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Stop what you’re doing and gawp at these perplexing architectural collages

What’s the difference between art and architecture? Here’s Archdaily’s Vanessa Quirk with a run of the mill definition

Art is a form of self-expression with absolutely no responsibility to anyone or anything. Architecture can be a piece of art, but it must be responsible to people and its context. 

What, then, does one make of Matthias Jung’s architectural collages? The German designer cuts up architectural features and pieces them together against ethereal backgrounds in order to create otherworldly designs. Jung’s end results—collections of doors, arches, and windows with some bricks to fill the gaps—are definitely not livable, but that won’t stop you from wishing that they were. To live in one of these collages would be like living in an IRL mash-up of Monument Valley, Brick Blocks, and Wes Anderson’s The Grand Budapest Hotel, which is to say it would be neat but rather precious.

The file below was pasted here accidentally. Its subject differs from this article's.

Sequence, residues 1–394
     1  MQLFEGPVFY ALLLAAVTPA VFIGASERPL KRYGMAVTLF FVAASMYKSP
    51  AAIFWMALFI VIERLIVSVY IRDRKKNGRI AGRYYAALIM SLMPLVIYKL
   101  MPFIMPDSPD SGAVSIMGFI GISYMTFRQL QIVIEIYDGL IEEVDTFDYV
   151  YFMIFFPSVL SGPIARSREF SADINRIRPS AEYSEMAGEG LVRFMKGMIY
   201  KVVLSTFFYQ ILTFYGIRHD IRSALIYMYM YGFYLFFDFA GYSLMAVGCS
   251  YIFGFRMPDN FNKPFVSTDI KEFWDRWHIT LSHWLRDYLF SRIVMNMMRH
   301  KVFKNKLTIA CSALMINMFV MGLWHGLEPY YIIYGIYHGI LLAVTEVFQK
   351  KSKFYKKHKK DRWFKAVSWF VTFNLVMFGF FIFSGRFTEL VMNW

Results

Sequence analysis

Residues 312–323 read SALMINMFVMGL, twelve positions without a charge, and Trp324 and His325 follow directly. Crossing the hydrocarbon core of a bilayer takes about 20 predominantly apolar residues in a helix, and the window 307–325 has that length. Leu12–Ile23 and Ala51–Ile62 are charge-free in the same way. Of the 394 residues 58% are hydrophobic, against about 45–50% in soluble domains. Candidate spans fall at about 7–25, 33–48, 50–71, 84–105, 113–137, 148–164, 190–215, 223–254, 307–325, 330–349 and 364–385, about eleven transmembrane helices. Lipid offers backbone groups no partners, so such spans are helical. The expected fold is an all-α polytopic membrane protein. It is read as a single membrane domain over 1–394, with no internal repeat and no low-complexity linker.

Jung’s collages are probably not what Quirk would describe as architecture—buildings that float in midair are definitionally not responsible to either their natural contexts nor humans. Yet it’s hard not to sense that Jung’s compositions, improbable though they might be, are going for more than mere artistic composition. The pieces of the collage work together as buildings, not livable buildings, but buildings nonetheless. The doors and windows relate to one another. They are not just there to amuse you; the buildings retain a sense of proportion.

Plenty of architecture is wholly irresponsible to people and context. The City of London’s Carbuncle Cup-winning Walkie Talkie might as well have been named “Fuck context and look at all my money!” (Its official name is 20 Fenchurch Street) Architects are also not famous for their sensitivity to humans. Frank Lloyd Wright famously nailed much of the furniture in his houses to the ground, lest occupants rearrange items to suit their needs. So much for humans. Architecture ought perhaps aspire to be respectful of people and context, but it isn’t all the time. Insofar as that is the case, Matthias Jung deserves credit for his architectural experimentation. You couldn’t live in these houses, but there is inherent value in inspiration.